A fall that causes trauma to the neck and spine can result in permanent nerve damage which can not be surgically repaired. A broken neck and severe spinal cord injuries may result in paralysis.
The Impact of Cervical Injuries
Neck trauma often results in fractures and broken bones that may cause life-altering injuries, including loss of mobility and paralysis. Minor neck injuries that do not involve the spinal cord are often treated with medical neck braces, physical therapy, bed rest, and surgical procedures to reset broken bones. However, severe neck trauma that involves fractured or broken cervical bones and nerve damage to the spinal cord may cause permanent injuries that can’t be medically treated or repaired.
A neck fracture, also referred to as a cervical fracture, involves a break in one or more of the seven cervical bones that make up the spinal vertebrae. The cervical vertebrae in the neck, labeled C1 through C7, supports the neck and spinal cord and allows movement of the head, neck, shoulders, and spine. When a break damages the spinal vertebrae, medical options are limited and recovery may not be possible. Currently, there is no medical treatment or surgical procedure that can repair the spinal cord, and the spinal cord is not able to heal itself.
Common Causes of Neck Trauma
Severe neck trauma such as fractures and breaks to the cervical vertebrae are caused by a hard impact to the head and neck area. Common causes of severe injury include:
- Falls from heights such as rooftops and ladders
- Vehicle and motorcycle collisions
- Swimming and diving in shallow water
- High contact sports-related accidents
- Osteoporosis and arthritis conditions
- Physical violence
Any severe blow to the head or neck area or sudden, hard twist of the neck can cause a cervical fracture or broken bone. People with certain illnesses or diseases that cause loss of bone mass or muscle mass are at greater risks for neck fractures or broken necks. Elderly adults are especially vulnerable to severe neck trauma caused by falls, the leading cause of fatal injuries to people over age 65. Chicago slip and fall lawyers commonly see severe fall injuries that result in neck trauma, as well as broken hands, legs, and hips in elderly adults. Neck trauma seen in younger people is more commonly caused by vehicle and motorcycle crashes and sports-related injuries that result in a strong blow to the head. High contact sports such as tackle football, soccer, and ice hockey, as well as high-risk recreational activities like parachuting, hang-gliding, snow skiing, and diving create greater chances for severe neck trauma and permanent neck injuries.
Symptoms and Diagnosis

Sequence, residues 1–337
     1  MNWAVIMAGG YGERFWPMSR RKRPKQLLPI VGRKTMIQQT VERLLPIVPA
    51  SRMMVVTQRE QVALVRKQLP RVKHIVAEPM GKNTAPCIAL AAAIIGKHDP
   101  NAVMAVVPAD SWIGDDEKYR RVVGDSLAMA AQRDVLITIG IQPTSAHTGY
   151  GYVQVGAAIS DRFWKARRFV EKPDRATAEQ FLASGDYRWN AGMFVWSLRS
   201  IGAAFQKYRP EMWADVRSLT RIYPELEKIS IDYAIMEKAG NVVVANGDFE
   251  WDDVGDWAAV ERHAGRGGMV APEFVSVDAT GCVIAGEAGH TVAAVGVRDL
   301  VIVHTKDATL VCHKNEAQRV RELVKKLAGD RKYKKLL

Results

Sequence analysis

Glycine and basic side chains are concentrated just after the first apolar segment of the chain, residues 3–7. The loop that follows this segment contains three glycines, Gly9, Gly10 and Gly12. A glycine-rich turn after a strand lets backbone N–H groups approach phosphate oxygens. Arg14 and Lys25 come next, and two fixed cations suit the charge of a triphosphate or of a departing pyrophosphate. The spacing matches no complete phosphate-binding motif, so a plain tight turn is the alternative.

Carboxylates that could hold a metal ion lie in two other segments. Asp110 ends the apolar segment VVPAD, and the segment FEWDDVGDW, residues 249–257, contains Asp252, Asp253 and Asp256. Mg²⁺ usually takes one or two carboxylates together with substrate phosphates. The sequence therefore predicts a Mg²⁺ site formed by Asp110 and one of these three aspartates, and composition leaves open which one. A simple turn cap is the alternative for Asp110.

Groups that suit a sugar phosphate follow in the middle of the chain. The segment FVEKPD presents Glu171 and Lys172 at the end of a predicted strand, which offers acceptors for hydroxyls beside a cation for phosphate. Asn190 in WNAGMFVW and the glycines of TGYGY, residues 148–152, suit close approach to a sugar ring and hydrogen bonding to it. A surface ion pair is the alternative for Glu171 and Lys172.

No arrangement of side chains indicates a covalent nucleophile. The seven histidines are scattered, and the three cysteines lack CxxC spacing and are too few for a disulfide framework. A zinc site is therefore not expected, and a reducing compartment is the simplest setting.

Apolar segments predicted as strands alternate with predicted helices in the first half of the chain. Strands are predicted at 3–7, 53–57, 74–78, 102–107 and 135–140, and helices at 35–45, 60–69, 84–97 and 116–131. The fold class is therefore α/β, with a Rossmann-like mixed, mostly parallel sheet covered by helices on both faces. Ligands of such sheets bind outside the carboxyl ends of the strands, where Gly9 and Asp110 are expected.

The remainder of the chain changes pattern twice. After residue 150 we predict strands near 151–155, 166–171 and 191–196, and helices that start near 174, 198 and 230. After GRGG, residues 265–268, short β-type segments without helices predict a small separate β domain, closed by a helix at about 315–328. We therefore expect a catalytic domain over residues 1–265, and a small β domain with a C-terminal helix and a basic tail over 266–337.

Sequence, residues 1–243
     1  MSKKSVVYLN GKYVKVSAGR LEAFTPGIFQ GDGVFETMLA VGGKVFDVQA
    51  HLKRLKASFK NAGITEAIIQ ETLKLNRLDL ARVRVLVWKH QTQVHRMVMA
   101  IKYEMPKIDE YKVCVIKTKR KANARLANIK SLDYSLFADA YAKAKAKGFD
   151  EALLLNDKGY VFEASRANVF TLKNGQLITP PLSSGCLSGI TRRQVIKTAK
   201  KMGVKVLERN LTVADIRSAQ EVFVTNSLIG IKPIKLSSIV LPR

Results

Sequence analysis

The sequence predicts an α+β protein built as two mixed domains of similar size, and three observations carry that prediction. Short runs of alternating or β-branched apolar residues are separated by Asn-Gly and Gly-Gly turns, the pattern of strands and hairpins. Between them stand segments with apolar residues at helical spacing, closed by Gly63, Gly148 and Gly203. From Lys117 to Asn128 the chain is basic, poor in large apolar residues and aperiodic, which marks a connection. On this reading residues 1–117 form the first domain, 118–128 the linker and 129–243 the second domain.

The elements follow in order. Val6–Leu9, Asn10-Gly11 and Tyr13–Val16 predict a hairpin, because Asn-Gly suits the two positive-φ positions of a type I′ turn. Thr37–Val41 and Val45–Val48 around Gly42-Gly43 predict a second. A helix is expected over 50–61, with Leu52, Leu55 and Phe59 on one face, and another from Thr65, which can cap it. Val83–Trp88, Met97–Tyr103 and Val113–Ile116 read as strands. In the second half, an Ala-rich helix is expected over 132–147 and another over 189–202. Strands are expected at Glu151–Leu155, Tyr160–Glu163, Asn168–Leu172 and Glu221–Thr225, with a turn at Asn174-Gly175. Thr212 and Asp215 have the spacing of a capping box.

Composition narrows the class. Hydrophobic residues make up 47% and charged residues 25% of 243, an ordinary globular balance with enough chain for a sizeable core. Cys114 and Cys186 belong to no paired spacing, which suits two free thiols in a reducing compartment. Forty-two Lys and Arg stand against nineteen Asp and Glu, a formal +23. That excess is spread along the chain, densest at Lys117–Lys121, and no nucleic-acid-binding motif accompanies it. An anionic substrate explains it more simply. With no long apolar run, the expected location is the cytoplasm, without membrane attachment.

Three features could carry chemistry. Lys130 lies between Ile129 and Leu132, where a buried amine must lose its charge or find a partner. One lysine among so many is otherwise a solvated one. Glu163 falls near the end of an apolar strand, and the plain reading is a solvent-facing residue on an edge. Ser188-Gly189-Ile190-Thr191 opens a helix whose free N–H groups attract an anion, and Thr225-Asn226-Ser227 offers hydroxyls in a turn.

Neck trauma should be taken seriously and considered a medical emergency. A fracture or break in the cervical vertebrae can lead to permanent injuries, paralysis, and death. Chicago slip and fall lawyers see many cases that require long-term rehabilitation.
A person who suffers a neck injury may show various symptoms that often include the following:
- Severe pain
- Swelling and/or tenderness
- Bruising or redness
- Inability to move the head
- Lack of feeling in arms and/or legs
- Muscle weakness or paralysis in arms and/or legs
Anyone who complains of such symptoms after a fall, car accident, or other incidents should be taken to the hospital for immediate medical diagnosis and care. The injury victim should only be moved by medical professionals who understand the risks associated with neck trauma.
Proper diagnosis of a neck fracture or broken neck requires a medical examination by a licensed physician or specialist who will need to know the victims symptoms and cause of the injury. A neurological exam and a series of imaging tests are required to detect the severity of damage. X-rays will be ordered to look for breaks in the bones or a dislocation of the vertebrae. A CT scan will analyze bone fractures or breaks and compression in the spinal cord. An MRI will provide cross-sectional images that show any spinal cord damage.
Once properly diagnosed, medical care and treatment will depend on the severity of the neck trauma. Treatment depends on the severity of the fracture or broken bone; where the fracture or break occurs; which cervical vertebrae are involved; and whether there is nerve damage to the spinal cord. Minor injuries are often treated with a neck brace or collar worn for about 8 weeks, or a traction type neck brace worn for about 12 weeks to stabilize the neck and restrict head movement. In some cases, surgery may be necessary to reconnect bones, remove damaged vertebrae discs, and relieve pressure on the spinal cord.
Victims of slip and fall accidents and car collisions often suffer severe neck and head trauma that requires hospitalization in intensive care. If nerve damage occurs to the spinal cord, injuries may result in paralysis and/or long-term rehabilitation and medical care.